Boston Medical Center’s Paul Drew Dies
Remembered as “heart and soul” of BMC
Paul Drew, the former executive vice president of Boston Medical Center and an influential advocate for neighborhood access to health care, died on November 24, after a long battle with bladder cancer. He was 61.
Drew, whose natural warmth and gregarious personality helped BMC recruit many top physicians, played an important strategic role in the 1996 merger of Boston University Medical Center Hospital, Boston City Hospital, and Boston Specialty and Rehabilitation Hospital that resulted in the formation of Boston Medical Center. For more than two decades, he was a mentor to many health care professionals and served on several professional boards, including Boston HealthNet, the Greater Boston Chamber of Commerce, and Boston MedFlight. In his most recent role at BMC, he was responsible for all real estate development, strategic planning, and clinical affiliations, including with Quincy Medical Center, as well as marketing and communications. Drew, who left BMC in 2008, was also the liaison between Boston University and Boston Medical Center.
Kenneth Grundfast, a School of Medicine professor and chair of otolaryngology–head and neck surgery, says Drew played a key role in recruiting many of the physicians at BMC and on the MED faculty.
“Much of Paul’s professional success stemmed from his ability to combine astute political acumen with impeccable integrity,” says Grundfast. “I sought his advice often and trusted him entirely. His warmth, sense of humor, and gift of gab made the discussion with him of even the most serious matters seem pleasurable. Paul lived life well, not because he sought or acquired tangible things, but because he loved people and derived great satisfaction from helping others. Knowing Paul was a delight and working with him was a privilege.”
Domenic Ciraulo, a MED professor and chair of psychiatry, says that even in the face of financial losses at BMC, it was Drew who pushed to bring needed mental health services to Boston neighborhoods.
“Paul was the heart and soul of Boston Medical Center,” says Ciraulo. “He always did the right thing. Even though some services lost money, he realized the need for them. It was really his efforts, working with Mayor Menino, that built mental health programs in many neighborhood clinics.”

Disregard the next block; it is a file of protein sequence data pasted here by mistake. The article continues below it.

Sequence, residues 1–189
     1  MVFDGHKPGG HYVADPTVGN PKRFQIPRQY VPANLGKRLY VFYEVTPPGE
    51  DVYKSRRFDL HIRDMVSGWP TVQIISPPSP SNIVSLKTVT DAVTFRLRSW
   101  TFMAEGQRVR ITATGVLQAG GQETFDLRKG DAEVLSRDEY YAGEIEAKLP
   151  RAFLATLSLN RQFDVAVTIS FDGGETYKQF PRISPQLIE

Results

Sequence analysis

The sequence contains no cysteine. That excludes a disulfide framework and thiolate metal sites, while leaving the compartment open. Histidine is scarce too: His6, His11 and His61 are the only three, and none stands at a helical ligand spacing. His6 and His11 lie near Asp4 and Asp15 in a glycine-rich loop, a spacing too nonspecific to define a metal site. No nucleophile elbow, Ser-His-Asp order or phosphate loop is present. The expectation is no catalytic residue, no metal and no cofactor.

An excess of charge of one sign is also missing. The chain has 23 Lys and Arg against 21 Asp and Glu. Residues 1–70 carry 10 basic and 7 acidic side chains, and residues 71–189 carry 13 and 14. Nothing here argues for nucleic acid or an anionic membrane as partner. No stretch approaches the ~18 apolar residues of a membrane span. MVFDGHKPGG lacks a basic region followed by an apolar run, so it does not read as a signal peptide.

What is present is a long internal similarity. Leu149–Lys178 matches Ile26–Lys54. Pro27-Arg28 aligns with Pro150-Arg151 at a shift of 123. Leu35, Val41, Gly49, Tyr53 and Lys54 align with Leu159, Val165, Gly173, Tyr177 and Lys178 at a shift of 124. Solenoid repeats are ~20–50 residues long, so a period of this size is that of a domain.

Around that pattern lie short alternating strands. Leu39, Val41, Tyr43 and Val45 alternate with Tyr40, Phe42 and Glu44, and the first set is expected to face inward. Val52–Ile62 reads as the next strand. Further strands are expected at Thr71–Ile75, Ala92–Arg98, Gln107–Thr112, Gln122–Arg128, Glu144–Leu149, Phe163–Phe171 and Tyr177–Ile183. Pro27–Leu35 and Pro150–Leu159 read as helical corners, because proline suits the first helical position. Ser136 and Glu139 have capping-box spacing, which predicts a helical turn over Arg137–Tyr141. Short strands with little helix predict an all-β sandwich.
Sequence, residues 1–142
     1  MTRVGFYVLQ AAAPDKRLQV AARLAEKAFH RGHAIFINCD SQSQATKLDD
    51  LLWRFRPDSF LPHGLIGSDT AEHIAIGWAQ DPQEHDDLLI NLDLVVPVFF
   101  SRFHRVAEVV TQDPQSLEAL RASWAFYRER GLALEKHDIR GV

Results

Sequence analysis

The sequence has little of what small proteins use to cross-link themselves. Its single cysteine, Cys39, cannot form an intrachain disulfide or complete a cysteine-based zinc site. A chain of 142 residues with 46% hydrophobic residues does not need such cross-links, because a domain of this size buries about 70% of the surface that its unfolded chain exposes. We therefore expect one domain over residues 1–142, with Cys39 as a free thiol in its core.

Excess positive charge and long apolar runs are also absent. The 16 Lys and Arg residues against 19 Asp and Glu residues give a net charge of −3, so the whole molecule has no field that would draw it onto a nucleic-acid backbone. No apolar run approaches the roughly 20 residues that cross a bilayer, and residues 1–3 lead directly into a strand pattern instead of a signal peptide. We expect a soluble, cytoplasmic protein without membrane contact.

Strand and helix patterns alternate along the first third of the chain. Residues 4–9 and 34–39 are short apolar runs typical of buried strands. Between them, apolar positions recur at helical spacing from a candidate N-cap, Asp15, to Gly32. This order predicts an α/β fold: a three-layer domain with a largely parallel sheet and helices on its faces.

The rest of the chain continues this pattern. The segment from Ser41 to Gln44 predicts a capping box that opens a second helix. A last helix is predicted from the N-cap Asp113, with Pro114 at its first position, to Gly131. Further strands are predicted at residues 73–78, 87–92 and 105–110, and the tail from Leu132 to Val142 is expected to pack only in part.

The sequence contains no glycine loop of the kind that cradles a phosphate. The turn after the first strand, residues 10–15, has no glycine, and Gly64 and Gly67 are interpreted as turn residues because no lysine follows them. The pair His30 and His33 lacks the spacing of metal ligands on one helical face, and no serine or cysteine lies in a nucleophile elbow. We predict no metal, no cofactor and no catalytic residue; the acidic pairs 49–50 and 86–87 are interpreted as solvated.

Ciraulo always admired Drew’s remarkable communication skills, he says, which he himself lacked. “We’d go to meet with community leaders and he’d tell me that he would give me a certain look when he wanted me to shut up,” he recalls. “Then, after a couple of meetings, he said, ‘OK, forget the look. I’m going to sit next to you and give you a good hard kick. That means shut up.’ I was so unskilled at that, and he was just great. He’s the one who really advanced mental health care and psychiatry at Boston Medical Center and in Boston.”
A graduate of Boston College and its Carroll School of Management, Drew held administrative and finance positions at the Massachusetts Department of Mental Health, rising to deputy assistant commissioner. In 1985, he joined the New England Medical Center leadership team as the vice president of clinical operations, managing the operations of the hospital’s largest departments. He was responsible for developing and managing the faculty practice plan, and he oversaw the expansion of the primary care and specialty networks. In 1994, he was recruited as Boston City Hospital’s chief operating officer, responsible for the strategic planning and management of all clinical and administrative operations. When BMC was formed, he assumed a new role, as vice president of network development, overseeing managed care contracting, new business development, and the creation of the faculty practice plans and management services organizations. In 2003, he was named executive vice president.
“Paul Drew was a great friend,” says Karen Antman, MED dean and Medical Campus provost. “He was an outstanding administrator with a very warm sense of humor. We will always miss him.”
Jonathan Olshaker, A MED professor and chair of emergency medicine, says Drew was a great man and a great friend. “Paul’s tremendous leadership, vision, and guidance made Boston Medical Center a much better place,” says Olshaker. “He was a huge part of the success of all the departments at BMC and BU, including mine. His efforts had a monumental impact on improving the medical care of all the citizens of Boston, but especially the underserved.”
Drew leaves his wife, Kathleen, of Boston, his daughters, Kelly McQuillan, of Boston, and Carissa Drew, of South Boston, and his son, William Drew, of New York City. A funeral Mass was held on November 29 in St. Ann’s Church, Quincy. The family asks that in lieu of flowers, memorial donations be made to Dana-Farber Cancer Institute, 10 Brookline Place West, Brookline, MA 02445, c/o Dr. Julia Hayes, Research Genitourinary Oncology.5 Comments